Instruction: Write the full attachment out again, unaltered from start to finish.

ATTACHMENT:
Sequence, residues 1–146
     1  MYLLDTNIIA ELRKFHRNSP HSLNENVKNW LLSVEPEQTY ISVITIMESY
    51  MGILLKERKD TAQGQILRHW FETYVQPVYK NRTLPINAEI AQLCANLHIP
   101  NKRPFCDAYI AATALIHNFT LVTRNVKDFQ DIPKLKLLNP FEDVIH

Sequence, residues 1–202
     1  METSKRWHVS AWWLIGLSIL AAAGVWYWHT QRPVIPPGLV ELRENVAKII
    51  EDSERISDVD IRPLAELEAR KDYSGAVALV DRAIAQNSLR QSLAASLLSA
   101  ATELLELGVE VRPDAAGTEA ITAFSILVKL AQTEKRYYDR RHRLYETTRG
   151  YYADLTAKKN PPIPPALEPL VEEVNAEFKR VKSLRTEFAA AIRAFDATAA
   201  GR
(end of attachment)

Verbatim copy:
Sequence, residues 1–146
     1  MYLLDTNIIA ELRKFHRNSP HSLNENVKNW LLSVEPEQTY ISVITIMESY
    51  MGILLKERKD TAQGQILRHW FETYVQPVYK NRTLPINAEI AQLCANLHIP
   101  NKRPFCDAYI AATALIHNFT LVTRNVKDFQ DIPKLKLLNP FEDVIH

Sequence, residues 1–202
     1  METSKRWHVS AWWLIGLSIL AAAGVWYWHT QRPVIPPGLV ELRENVAKII
    51  EDSERISDVD IRPLAELEAR KDYSGAVALV DRAIAQNSLR QSLAASLLSA
   101  ATELLELGVE VRPDAAGTEA ITAFSILVKL AQTEKRYYDR RHRLYETTRG
   151  YYADLTAKKN PPIPPALEPL VEEVNAEFKR VKSLRTEFAA AIRAFDATAA
   201  GR